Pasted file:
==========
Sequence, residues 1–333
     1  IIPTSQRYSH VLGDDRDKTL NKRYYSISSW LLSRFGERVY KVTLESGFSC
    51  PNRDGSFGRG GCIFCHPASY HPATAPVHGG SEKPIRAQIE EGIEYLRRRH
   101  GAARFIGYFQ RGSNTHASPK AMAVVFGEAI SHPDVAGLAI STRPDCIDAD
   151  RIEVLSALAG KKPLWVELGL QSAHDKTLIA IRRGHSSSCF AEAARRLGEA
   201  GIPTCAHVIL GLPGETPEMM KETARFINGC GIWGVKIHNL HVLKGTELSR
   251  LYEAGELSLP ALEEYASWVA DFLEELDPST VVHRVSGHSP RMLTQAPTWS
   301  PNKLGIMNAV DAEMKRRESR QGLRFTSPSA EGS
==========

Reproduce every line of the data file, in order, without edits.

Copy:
Sequence, residues 1–333
     1  IIPTSQRYSH VLGDDRDKTL NKRYYSISSW LLSRFGERVY KVTLESGFSC
    51  PNRDGSFGRG GCIFCHPASY HPATAPVHGG SEKPIRAQIE EGIEYLRRRH
   101  GAARFIGYFQ RGSNTHASPK AMAVVFGEAI SHPDVAGLAI STRPDCIDAD
   151  RIEVLSALAG KKPLWVELGL QSAHDKTLIA IRRGHSSSCF AEAARRLGEA
   201  GIPTCAHVIL GLPGETPEMM KETARFINGC GIWGVKIHNL HVLKGTELSR
   251  LYEAGELSLP ALEEYASWVA DFLEELDPST VVHRVSGHSP RMLTQAPTWS
   301  PNKLGIMNAV DAEMKRRESR QGLRFTSPSA EGS